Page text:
Several of Nashville’s top jazz vocalists and instrumentalists joined forces over two weekends to celebrate the life and accomplishments of a beloved friend and mentor to numerous area performers young and old.
The outstanding arranger, guitarist/bassist, bandleader and instructor Billy Adair, who passed away last month, was honored in two memorial concerts at Ingram Hall by The Blair Big Band (April 19) and the Nashville Jazz Orchestra (April 27).
Both shows featured many performers to whom Adair was an inspiration, and they mixed stirring solos and inspirational vocal performances with humorous remembrances of a vibrant personality everyone agreed was an unstoppable force in Music City jazz, session and academic circles.
Sunday’s Nashville Jazz Orchestra concert began with a sweeping rendition of Thad Jones’ “Groove Merchant,” a tune transcribed by Adair. Molly Jewel was featured on three numbers that accented Adair’s favorite standards and sentimental numbers, the best being her version of “You’re Getting To Be A Habit with Me.”
Liz Johnson was superb on three numbers, doing a sultry version of “Deed I Do,” and sparkling performances of “Route 66” and “Is You Is Or Is You Ain’t My Baby.”
Matt Belasante offered a swing-oriented conclusion to the program’s first half, nicely swaying over the Orchestra’s backing on “Come Fly With Me and “The Way You Look Tonight.”
The second half briefly dipped into a Latin groove, with a quartet rendition of the Jobim/de Moraes numbr “Chega de Saudade (No More Blues),” the first of three showcase pieces for Sarah Edmonds.
She talked about Adair’s love of June Christy, then ably reflected that blend of sophistication and sensuality throughout her versions of “Something Cool” and “Taking a Chance On Love.”
NJO Music Director Jim Williamson took center stage on “If You Could See Me Now,” excelling on flugelhorn while performing another Adair arrangement. The night’s last featured vocalist, Sarah Williams, got her turn on “Falling In Love With Love,” “Teach Me Tonight,” and her finest outing, “This Time The Dream’s On Me.”
Belsante returned for the last two numbers, moving into uptempo territory with flair on “Let The Good Times Roll.” All the singers joined the band for spirited exchanges and interaction during the encore “Let’s Call The Whole Thing Off.”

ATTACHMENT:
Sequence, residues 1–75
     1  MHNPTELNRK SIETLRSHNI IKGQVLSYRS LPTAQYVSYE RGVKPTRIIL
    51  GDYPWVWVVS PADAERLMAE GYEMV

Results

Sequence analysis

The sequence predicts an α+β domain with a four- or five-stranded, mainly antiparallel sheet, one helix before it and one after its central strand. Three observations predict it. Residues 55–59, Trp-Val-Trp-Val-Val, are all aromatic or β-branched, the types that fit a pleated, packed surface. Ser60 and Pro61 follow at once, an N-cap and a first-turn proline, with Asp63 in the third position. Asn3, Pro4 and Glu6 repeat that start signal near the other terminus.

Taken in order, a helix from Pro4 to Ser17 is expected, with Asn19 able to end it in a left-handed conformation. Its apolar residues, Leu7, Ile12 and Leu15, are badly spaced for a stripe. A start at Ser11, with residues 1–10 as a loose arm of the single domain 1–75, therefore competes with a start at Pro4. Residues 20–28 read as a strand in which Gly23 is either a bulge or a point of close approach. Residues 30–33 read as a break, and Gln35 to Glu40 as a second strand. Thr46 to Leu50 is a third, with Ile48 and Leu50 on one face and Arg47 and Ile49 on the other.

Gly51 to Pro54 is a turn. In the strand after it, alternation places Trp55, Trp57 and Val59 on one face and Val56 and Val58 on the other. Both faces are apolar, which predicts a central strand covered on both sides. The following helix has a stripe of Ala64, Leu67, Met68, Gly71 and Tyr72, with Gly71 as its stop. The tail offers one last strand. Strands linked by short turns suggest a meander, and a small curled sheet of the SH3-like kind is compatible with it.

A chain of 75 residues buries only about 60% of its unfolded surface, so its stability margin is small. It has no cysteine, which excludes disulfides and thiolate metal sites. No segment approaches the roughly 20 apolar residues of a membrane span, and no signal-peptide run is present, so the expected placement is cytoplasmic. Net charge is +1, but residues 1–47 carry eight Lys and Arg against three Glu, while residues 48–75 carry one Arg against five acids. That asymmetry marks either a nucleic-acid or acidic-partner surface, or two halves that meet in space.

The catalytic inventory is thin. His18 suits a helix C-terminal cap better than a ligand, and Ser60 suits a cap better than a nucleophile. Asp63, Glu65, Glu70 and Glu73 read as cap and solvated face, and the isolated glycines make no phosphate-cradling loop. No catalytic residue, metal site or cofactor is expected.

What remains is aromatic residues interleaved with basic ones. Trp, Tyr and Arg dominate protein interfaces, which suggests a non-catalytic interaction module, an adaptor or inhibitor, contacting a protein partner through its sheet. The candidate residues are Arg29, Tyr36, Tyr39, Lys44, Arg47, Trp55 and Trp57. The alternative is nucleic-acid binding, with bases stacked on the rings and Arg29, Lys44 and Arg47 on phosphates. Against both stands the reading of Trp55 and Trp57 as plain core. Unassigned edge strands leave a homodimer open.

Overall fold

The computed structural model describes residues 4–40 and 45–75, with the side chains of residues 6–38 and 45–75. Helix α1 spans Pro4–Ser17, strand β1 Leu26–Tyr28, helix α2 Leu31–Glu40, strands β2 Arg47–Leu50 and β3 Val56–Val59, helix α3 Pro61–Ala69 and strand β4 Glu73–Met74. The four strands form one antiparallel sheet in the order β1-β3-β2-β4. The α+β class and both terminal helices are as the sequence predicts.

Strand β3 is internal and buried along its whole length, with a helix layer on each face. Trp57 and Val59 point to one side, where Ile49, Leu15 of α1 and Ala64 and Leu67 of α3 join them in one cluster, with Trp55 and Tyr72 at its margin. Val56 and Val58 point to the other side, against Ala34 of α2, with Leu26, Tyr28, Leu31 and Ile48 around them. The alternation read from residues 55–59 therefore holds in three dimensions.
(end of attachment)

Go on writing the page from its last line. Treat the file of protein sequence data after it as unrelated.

Adair’s arrangements were equally prominent throughout the Blair Big Band’s April 19th concert, though this evening was also filled with great stories and humorous memories, among them Carl Smith, a Senior Lecturer in Music Composition and Theory, recollecting his difficulties in developing a jazz arrangement when his field of expertise was classical music from many centuries earlier. “Billy finally kind of admitted he was glad I couldn’t come up with anything,” he laughed.
Smith also talked about how much fun Adair got out of people confusing him with country singer Carl Smith. “Dude, that is wild,” was Adair’s reaction to a news story that credited the classical organist with being a honky-tonk hero.
The evening had additional commemorations and tales of Adair’s penchant for jokes and tireless support of his students from Mark Wait, Dean of the Blair School of Music, Rev. Robert Early, who’d been a trumpeter with the Exotics, and one-time Establishment trombonist Greg Cox. Plus, there were poems read by Sarah Williams and the Rev. Edward Farley, who also did the Benediction.
Still, there were plenty of musical highlights as well. The Blair Big Band’s top numbers included “Just Friends,” “Count Bubba,” “Shiny Stockings” and “A Time For Love,” with Associate Professor of Trombone Jeremy Wilson the featured soloist, as well as the finale, “This Time The Dream’s On Me,” which featured an Adair arrangement with vocalist Sarah Edmonds and guitarist Jerry Kimbrough.
While Adair’s advocacy and constant support for his students was frequently recalled, they didn’t always meet his high standards for how they should sound, look and perform.
Michael Rinne, a Blair School of Music graduate from the class of 2010, remembered a time when Adair, weary of sloppiness and tardiness by some group members, blistered them with some uncomplimentary assessments and remarks. But Rinne added even during this dressing down it was still quite clear how much he valued and appreciated them.
The Blair Jazz Faculty’s rendition of “The Very Thought Of You,” with Johnson on vocals and an exemplary quintet behind her, provided more standout moments, as did guitarist Lloyd Wells’ two numbers “I Wish You Love,” and “When You Wish Upon A Star.”
As both shows made clear, Billy Adair’s loss will be greatly felt for many years to come. But these concerts were a testament to his impact and the importance of his legacy, as well as the love numerous musicians and students will always have for him.